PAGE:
Skip to main content

Sling Bag

I’m going on a trip to NYC with my mom in approximately 2 weeks. Well, let's make that exactly 16 days. I am so, So, SO excited about this trip. Of course the thing I am most excited about is fabric shopping in the garment district. We’ll see some other things, too but the fabric shopping part is what I have spent the most time thinking about and preparing for. We’ll be getting around mostly by foot while we’re there and I needed a good bag to tote the essentials around.

I did have a few criteria for this bag. It needed to be…
…something I could make quickly and easily (I do still have 16 days, but those 16 days include a move back into our newly renovated – and beautiful – home. These are busy days).
…a messenger-style bag that crossed from one shoulder to the opposite hip (I want it to be secure and have hands entirely free to touch all that fabric. No straps sliding down off my shoulder).
…big enough to fit a binder in (the binder will hold all of the garment district related info that I want to have with me: swatches, pattern spec sheets, store reviews, maps, etc).
…an easily accessible pattern. No ordering anything online and waiting for it to be shipped to me.

A bit of research online led me to the Lula Louise blog with a great pattern and instructions for a reversible shoulder bag.

Here’s my version:


I increased the length of the strap by 6” so that it would easily work across my body and I would still be able to get things in and out of it while wearing it. (I’m tall). I tapered the strap by 1” (1/2” on each side). I added a magnetic snap as a closure and included two pockets on the inside. So, my bag isn’t reversible, but I’m okay with that.


One of the pockets is flat and the other has pleats so that it can hold something larger. I cut them both on the bias just to make it a little interesting (and maybe so that I wouldn’t have to match the plaids).

Both fabrics are from the home decorating department of Fabricland. I like the feel of the outer fabric – strong and substantial, but not stiff. The lining fabric was right next to the outer one on the table at the store. I could have found a better match if I had looked more, but with two unhappy kids with me in the store, this was “good enough.” *sigh* The outer fabric didn’t want to press well at all. Grrrr. The topstitching around most of the bag keeps it nice and flat, but the bottom of the bag looks like I didn’t press it at all. I couldn’t topstitch it because of the gathers at the ends. This is the only part of the bag that I don’t like.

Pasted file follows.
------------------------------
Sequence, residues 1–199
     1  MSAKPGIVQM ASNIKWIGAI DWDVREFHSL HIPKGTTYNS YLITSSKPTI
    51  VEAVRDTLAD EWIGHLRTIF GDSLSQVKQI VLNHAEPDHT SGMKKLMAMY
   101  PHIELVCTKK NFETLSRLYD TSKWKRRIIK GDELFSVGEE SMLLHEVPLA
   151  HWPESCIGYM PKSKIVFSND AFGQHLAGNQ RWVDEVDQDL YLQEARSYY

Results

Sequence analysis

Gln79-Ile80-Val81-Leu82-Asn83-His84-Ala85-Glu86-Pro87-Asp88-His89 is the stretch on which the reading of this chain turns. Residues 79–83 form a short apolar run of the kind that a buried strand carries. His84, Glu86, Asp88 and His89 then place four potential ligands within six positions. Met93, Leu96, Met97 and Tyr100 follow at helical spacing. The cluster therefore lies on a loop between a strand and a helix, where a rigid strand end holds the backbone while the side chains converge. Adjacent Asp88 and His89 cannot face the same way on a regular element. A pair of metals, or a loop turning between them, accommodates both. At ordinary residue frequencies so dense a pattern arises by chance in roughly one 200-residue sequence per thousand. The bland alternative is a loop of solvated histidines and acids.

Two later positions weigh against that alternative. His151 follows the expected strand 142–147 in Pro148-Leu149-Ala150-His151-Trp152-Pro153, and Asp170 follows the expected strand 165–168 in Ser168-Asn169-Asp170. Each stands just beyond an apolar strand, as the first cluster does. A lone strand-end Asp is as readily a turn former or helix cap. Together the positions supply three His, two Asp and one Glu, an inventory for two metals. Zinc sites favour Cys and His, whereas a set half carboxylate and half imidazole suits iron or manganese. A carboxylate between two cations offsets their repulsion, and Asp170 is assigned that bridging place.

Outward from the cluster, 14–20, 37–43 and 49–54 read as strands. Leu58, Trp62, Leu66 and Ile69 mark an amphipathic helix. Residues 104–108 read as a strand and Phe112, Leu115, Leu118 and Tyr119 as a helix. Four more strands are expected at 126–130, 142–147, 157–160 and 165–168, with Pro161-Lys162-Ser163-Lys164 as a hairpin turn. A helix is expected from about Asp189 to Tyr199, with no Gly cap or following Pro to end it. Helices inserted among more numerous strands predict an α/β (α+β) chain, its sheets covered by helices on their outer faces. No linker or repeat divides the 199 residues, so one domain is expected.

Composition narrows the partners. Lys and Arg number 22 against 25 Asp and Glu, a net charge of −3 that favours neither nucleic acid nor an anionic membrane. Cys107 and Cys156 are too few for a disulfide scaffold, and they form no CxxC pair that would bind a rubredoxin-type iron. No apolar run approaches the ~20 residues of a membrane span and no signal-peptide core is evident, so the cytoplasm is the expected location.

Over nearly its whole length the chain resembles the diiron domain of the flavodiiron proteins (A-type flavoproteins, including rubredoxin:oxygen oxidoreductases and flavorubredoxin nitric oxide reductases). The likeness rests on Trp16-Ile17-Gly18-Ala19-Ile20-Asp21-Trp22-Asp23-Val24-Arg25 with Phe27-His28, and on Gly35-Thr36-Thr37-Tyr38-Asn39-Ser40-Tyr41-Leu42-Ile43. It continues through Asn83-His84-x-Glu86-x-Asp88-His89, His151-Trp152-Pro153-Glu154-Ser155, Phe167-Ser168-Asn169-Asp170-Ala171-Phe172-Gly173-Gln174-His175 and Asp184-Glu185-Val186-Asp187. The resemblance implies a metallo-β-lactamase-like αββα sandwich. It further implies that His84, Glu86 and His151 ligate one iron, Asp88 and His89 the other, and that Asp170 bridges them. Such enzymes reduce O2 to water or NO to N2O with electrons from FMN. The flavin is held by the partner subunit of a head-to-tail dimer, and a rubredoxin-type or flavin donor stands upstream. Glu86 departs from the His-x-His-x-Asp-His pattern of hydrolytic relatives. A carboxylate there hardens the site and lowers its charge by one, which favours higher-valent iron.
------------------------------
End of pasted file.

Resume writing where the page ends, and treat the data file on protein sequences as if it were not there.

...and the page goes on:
New York, here I come!! Coming soon…some “necessary sewing.” Bleh.

Comments

  1. I am excited to see the treasures that will fill that beautiful bag. I'm going with a near empty suitcase.

    ReplyDelete
  2. I like your bags, I am almost finished making one, and was trying to find a solution to not using a zip, I have made it curved on top, so things could fall out. Its lined with feltto make it stif.

    ReplyDelete

Post a Comment

Popular posts from this blog

Shopping Bags

Most stores in our town charge you a nickel for a plastic bag when you check out. I love this practice and the way that it encourages people to bring their own cloth bags or reuse their plastic ones. My habit of bringing along bags to the grocery store is well established, but I used to find myself stuck at places like the drug store or farmer's market or other impromptu stops. Then I picked up a bag at an upscale kitchen goods store that rolls up quite compactly. Now I keep that in my purse, so I always have a bag with me.

I like my bag so much that I wanted to replicate it for the art sale. The final result is a hybrid of the bag I purchased and these that I made last year.


The bag is a little bigger than the average plastic grocery bag. The velcro tab is used to keep the bag rolled up, but also can close the top of the bag when it is full.


Most of the bag is a single layer of cotton, but the handles are faced. There is a double row of top-stitching around both edges of the handl…

Grocery Bags

More gifts!



These are just like the still-all-too-ubiquitous plastic grocery bags, but they're fabric. 



I followed this tutorial and you actually use a plastic bag as a pattern.  The instructions are very good and include a pocket so that the bag can be folded up and is easy to keep in a purse or a car's glove box.

Mostly for the sake of the gift recipients, here's how to fold up the bag....

1.  Lay the bag pocket side down and fold it length-wise using the edges of the pocket as a guide.



2.  Fold it in half, aligning the top of the handles with the bottom of the bag.



3.  Fold in half again and then reach into pocket with your hand and turn the whole thing (pocket included) inside out.









Happy shopping!

Christmas Table Runner

S asked me to make a Christmas table runner for her shop. Her only suggestions about what it should look like were "not too fussy or busy."

I decided on a simple applique of three trees on a linen background. The runner is 60" long and 13" wide.


For the trees, I used a lightweight fusible product and then straight-stitched around the edges. I like the raw-edge applique look, but don't use it very often.


The border and backing is an apple green color that didn't photograph well. I was happy with the mitered corners, but they don't look so good (a little lumpy) in the pictures. I do really like the narrow folded border inside the green one. I only had a small amount of the striped fabric, but think this was a good way to use it.



I was so happy with this when I finished it a couple of weeks ago, but now that I'm looking at the pictures, I'm less than thrilled. I'm really hoping that it is just the pictures, but it looks wrinkly and rumpled to me…